Why Visit Thin Places? - Answers? Healing? Wisdom? Maybe.

What is the purpose of traveling to a thin place?

If thin places are those where the veil between this world and the Otherworld is thin... what, exactly is the draw?    People say after visiting - "A sense of peace washes over you" or "I feel closer to God."

Personally, I can feel close to God in church, in my home, or driving to work; and I can have a peaceful feeling wash over me when I take a walk.  So why are thin places any different that any other place where spirituality is exercised?  And what is it about these sites that draw generation of pilgrims and visitors back over and over to the same sites?

Remarkable things happen when you visit a thin place and allow your spirit to communicate.  Answers come to us, messages are relayed, strength is absorbed, healing happens.  We go to thin places for answers to prayers, for wisdom, for energy, for power to overcome or endure, to be healed.  We go there  because thin places are inherently charged with the Divine, and like a great well filled to the brim, the spiritual gifts are ready to be drawn out by the faithful.

These days, I mostly go to thin places to listen.

Caitlin Matthew in Walkers Between the Worlds (co-authored with her husband John) states that these two worlds are one reality - one existence with two sides.  We experience our physical world with our bodies and we communicate with our five senses.  But our souls communicate with the other world.  Every human being has a spiritual side.  This spirit moves and shifts in a different way.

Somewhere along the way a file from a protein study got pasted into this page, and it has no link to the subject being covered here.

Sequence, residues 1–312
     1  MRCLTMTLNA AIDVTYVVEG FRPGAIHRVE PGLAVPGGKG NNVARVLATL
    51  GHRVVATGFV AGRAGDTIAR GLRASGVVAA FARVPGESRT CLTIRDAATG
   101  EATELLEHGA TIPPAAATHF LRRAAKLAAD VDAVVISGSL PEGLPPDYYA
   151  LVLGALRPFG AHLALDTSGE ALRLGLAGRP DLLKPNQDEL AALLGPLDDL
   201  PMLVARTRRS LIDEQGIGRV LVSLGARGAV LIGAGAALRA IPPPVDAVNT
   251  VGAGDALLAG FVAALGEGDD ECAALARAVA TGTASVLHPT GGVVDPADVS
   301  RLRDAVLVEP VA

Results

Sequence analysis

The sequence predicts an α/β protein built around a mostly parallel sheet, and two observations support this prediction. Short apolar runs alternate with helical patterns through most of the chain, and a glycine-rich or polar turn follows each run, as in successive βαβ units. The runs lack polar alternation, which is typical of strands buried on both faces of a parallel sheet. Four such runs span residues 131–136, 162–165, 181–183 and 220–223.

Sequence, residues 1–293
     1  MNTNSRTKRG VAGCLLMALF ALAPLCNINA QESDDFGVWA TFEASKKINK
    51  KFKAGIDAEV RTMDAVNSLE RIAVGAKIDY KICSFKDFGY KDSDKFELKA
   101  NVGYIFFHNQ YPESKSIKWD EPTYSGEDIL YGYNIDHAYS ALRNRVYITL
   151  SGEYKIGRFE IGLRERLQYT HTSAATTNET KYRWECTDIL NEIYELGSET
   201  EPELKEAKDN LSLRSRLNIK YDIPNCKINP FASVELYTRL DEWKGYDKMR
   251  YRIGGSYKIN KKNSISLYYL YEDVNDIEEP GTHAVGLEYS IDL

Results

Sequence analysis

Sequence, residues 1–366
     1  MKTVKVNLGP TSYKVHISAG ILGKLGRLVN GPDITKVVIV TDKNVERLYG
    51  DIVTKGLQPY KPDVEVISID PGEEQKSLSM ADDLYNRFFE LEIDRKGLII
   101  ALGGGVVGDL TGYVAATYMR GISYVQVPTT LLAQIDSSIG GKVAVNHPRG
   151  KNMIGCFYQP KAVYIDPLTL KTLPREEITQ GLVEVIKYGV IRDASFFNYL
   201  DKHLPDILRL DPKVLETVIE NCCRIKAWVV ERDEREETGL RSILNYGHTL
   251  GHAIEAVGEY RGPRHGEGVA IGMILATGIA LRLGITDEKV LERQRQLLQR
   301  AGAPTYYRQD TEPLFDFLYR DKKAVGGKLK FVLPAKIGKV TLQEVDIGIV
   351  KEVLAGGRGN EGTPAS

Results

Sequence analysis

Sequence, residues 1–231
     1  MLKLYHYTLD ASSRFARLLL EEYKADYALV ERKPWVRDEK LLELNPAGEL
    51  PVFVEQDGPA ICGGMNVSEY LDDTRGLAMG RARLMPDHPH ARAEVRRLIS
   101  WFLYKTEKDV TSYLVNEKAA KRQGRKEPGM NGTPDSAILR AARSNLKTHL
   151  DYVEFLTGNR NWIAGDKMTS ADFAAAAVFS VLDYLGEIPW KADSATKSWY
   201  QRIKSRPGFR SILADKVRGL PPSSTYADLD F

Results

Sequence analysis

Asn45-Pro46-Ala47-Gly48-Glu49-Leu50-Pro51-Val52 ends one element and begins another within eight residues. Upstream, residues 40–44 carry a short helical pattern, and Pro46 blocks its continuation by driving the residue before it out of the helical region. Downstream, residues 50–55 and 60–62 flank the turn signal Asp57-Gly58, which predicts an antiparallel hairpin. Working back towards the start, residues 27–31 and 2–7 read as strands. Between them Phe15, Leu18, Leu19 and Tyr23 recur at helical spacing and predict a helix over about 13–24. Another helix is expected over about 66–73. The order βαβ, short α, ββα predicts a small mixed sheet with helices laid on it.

Looking for coincidences or signs of synchronicity can be indicators of the two worlds communicating.  This happens all the time to me - and I don't always understand it.  But sometimes later - like pieces of a vast jigsaw puzzle - the coincidences and events begin to speak.  A journal is crucial for understanding what has happened, or trying to make sense of voices, the communications, the messages of the eternal world.

A few of my own experiences in thin places ....

  1. The man in the sand which I wrote about in a post last month about an experience I had in Dingle on Fermoyle Strand in the shadow of Mount Brandon.  Just after a silent (if desperate prayer), I looked across the sand and noticed an image of a man.